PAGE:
Date of Award


Document Type


Degree Name

Doctor of Education in Educational Leadership


Educational Leadership and Curriculum

First Reader/Committee Chair

Dr. John Winslade


While the literature addressing the experiences of women in higher education is expanding, the experiences of single mothers in academia remains under-explored, despite single student mothers being the largest and fastest growing student demographic in higher education institutions. The role of single mothers who are pursuing degrees while raising children assumes crucial importance in helping forge means of support that are not government-dependent, as well as enabling single parent student mothers to role model educational pursuits and achievement of degrees as possibilities for dependents. Though college degrees can provide means of financial stability and immense social and professional benefits for sole provider single–parent homes, higher education can prove significantly detrimental to the quality of parenting single parent students provide dependent children, and can negatively impact personal health, financial and economic security, and interpersonal relationships from undertaking multiplicity of roles.

This study seeks to understand the challenges, needs and experiences which occur at the intersection of parenthood and studenthood for single parent student mothers, as well as exploring ideologies of what it means to be a “good parent” or “good student.” It also inquires into student mothers’ perceptions of institutional support, which may impact matriculation or attrition and seeks to ascertain whether existing college policies need to be restructured to better support the degree-seeking endeavors of single parent student mothers.

Study findings revealed key themes that emerged from the data: participant awareness of constrained and competing time demands; competing pressures to produce the identities of “good mom” and “good student”; guilt arising from missed event choices; outcomes of forced choice events; guilt over lower classroom performance and loss of class standing over missed choice events; participants’ perspectives of in-class support by teachers or professors; participants’ views regarding presence or absence of institutional support tailored to their specific needs as single parent student mothers; participants’ concerns regarding student debt; and categories of unmet need and support services that would assist single mothers to degree completion. Student parents’ discursive narratives indicated internal and external pressure to perform better as students and parents.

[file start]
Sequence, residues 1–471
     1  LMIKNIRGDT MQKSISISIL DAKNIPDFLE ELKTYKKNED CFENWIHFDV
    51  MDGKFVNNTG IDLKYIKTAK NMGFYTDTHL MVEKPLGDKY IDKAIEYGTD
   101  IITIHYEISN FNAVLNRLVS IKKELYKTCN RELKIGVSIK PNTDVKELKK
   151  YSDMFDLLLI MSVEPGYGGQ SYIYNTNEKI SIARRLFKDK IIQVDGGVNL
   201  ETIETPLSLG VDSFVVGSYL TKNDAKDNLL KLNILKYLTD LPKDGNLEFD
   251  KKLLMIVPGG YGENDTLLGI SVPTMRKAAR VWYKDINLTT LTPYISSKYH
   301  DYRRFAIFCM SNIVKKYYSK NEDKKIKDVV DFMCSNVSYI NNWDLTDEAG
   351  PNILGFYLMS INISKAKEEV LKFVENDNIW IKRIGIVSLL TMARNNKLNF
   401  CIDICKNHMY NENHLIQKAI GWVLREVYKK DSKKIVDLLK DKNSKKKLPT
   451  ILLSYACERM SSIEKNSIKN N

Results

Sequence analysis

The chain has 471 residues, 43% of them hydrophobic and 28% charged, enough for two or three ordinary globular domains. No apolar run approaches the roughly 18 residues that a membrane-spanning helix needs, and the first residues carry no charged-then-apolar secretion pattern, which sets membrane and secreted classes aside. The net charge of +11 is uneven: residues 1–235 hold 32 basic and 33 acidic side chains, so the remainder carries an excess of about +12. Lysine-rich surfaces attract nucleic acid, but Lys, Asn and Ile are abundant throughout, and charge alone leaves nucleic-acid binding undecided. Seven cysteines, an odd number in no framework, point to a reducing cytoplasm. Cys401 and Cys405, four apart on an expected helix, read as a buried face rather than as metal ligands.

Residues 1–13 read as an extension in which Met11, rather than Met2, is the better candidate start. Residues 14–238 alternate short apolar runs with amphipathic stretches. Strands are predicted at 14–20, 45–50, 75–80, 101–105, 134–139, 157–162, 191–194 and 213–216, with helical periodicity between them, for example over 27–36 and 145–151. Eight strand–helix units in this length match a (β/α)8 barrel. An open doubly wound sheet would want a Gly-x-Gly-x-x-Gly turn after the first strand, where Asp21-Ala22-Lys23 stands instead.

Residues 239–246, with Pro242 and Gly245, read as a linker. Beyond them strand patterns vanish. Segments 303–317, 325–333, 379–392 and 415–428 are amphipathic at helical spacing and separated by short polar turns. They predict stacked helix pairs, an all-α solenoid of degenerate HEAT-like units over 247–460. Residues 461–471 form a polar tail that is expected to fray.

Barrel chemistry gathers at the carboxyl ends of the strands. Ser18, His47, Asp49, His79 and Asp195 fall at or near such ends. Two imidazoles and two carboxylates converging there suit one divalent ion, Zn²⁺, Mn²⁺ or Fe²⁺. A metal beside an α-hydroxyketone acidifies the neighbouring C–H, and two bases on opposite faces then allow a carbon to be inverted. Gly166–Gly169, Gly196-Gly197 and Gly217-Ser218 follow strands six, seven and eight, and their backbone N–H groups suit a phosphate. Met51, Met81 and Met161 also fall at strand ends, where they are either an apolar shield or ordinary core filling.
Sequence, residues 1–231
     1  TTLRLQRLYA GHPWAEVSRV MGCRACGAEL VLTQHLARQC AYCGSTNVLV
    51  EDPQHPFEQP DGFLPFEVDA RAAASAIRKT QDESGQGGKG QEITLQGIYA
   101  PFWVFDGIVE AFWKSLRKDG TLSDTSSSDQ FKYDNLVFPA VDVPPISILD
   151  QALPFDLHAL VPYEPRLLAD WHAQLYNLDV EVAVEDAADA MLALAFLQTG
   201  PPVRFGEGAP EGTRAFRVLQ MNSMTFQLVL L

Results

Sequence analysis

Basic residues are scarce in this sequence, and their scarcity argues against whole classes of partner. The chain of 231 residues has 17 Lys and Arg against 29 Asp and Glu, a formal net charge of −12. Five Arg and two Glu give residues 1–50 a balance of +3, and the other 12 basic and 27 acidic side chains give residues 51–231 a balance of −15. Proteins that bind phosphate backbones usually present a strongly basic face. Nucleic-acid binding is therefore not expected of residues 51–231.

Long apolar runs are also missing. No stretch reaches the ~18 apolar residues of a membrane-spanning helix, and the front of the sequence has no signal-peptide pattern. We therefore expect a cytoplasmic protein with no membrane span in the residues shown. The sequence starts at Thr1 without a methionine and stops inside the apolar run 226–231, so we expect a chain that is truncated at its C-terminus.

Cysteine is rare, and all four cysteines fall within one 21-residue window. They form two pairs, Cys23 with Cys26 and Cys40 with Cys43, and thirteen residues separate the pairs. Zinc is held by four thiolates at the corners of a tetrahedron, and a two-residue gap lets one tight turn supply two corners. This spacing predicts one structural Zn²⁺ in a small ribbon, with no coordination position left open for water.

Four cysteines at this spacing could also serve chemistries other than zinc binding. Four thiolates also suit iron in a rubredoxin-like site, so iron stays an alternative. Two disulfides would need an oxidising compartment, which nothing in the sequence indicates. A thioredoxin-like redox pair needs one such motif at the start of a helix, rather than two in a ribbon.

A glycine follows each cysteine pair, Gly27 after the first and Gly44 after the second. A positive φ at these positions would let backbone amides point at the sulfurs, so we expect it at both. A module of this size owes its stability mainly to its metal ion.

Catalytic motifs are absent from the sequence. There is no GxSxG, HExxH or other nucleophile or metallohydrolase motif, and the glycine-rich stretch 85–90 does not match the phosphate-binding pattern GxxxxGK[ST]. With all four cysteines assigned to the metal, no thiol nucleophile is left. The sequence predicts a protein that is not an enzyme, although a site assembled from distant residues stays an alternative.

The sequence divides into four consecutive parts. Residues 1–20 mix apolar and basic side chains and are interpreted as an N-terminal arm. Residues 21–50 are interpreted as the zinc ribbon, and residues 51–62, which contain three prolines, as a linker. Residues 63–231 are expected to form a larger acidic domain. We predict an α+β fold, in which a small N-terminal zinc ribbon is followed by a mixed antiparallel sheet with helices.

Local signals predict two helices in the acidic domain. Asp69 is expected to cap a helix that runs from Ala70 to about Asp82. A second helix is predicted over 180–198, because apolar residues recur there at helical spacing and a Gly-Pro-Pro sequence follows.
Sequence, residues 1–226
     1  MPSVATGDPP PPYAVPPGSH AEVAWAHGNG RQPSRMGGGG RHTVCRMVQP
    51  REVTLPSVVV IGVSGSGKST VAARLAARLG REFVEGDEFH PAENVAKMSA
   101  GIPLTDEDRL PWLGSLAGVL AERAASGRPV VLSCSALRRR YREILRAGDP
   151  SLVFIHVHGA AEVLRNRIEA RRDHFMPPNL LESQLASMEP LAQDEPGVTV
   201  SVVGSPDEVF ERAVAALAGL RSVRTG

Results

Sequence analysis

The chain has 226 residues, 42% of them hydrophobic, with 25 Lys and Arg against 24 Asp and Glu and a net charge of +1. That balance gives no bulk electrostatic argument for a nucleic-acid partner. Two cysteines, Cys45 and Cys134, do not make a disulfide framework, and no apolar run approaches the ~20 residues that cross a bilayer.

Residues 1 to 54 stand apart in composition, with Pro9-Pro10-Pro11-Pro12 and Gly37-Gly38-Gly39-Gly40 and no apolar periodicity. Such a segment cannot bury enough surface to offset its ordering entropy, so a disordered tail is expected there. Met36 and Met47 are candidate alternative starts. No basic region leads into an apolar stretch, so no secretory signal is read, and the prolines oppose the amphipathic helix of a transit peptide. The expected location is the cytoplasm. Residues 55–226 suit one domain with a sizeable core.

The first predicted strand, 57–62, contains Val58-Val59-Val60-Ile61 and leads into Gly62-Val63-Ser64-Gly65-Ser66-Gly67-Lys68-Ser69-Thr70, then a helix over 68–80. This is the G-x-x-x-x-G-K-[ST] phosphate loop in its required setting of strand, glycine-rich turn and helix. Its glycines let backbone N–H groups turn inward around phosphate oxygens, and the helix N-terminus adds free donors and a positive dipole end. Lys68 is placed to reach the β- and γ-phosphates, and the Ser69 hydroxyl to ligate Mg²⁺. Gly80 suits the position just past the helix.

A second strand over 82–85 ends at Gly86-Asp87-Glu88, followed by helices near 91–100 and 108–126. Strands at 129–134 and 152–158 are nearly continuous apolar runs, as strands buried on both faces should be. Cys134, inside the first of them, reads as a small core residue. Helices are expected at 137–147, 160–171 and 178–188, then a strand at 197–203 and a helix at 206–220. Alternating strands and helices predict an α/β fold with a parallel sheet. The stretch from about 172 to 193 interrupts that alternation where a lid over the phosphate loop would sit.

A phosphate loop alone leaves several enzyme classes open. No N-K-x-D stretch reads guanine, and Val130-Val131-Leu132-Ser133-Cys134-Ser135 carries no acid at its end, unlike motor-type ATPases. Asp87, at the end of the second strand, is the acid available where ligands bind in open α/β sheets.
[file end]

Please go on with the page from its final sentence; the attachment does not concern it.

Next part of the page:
Results revealed that nearly all respondents were forced on some occasions to choose between attendance at school and family events and being present at moments which would ensure optimal outcomes in both categories of competing identities. Conflict was experienced by respondents when student mothers were forced to shift into and out of various roles and identities which made it difficult for student parents to maximize performance in any central area of personal or professional achievement. Finally, student mothers’ discourses indicated they perceived others’ perceptions of their in-class performance, class standing, and professional trajectory of their achievement suffered when a forced choice situation resulted in their absence or tardy in a course, or inability to participate in a group class activity. Student mothers revealed through their narratives instructors who shamed them in front of classmates for having to bring a child to class, or castigated them for bringing a child to an inappropriate forum in which content was not perceived as child-suitable. Student mother narratives revealed resentment regarding being exhorted to choose between being a parent and being a student, when, in their opinions, they were forced to undertake both roles concurrently, without sufficient support to engage in either role.

A key deficit identified in the narratives of student mothers was their perceived absence of institutional support which would enable them to achieve their educational goals and better provide for their families. Student parent narratives indicated struggles with concern about debt following graduation, and discourse revealed speculation regarding possible forced choices at some point in the future, if debt loads were too high to be supported by income, job insufficiency was experienced, or cost of living was too high to support both debt and living expenses.